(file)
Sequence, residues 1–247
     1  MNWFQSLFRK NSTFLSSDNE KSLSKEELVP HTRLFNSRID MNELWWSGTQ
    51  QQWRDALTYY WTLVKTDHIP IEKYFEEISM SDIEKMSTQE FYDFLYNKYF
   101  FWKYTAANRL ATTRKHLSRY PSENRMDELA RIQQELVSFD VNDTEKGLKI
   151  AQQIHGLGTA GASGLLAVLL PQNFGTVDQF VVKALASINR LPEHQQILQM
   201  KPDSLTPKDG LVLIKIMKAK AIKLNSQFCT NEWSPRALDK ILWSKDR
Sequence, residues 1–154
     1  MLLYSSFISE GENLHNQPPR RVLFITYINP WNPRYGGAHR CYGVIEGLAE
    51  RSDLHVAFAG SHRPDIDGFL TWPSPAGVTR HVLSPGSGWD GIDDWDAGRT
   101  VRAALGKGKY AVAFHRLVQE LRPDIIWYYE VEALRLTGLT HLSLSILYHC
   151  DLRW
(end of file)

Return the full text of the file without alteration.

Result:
Sequence, residues 1–247
     1  MNWFQSLFRK NSTFLSSDNE KSLSKEELVP HTRLFNSRID MNELWWSGTQ
    51  QQWRDALTYY WTLVKTDHIP IEKYFEEISM SDIEKMSTQE FYDFLYNKYF
   101  FWKYTAANRL ATTRKHLSRY PSENRMDELA RIQQELVSFD VNDTEKGLKI
   151  AQQIHGLGTA GASGLLAVLL PQNFGTVDQF VVKALASINR LPEHQQILQM
   201  KPDSLTPKDG LVLIKIMKAK AIKLNSQFCT NEWSPRALDK ILWSKDR
Sequence, residues 1–154
     1  MLLYSSFISE GENLHNQPPR RVLFITYINP WNPRYGGAHR CYGVIEGLAE
    51  RSDLHVAFAG SHRPDIDGFL TWPSPAGVTR HVLSPGSGWD GIDDWDAGRT
   101  VRAALGKGKY AVAFHRLVQE LRPDIIWYYE VEALRLTGLT HLSLSILYHC
   151  DLRW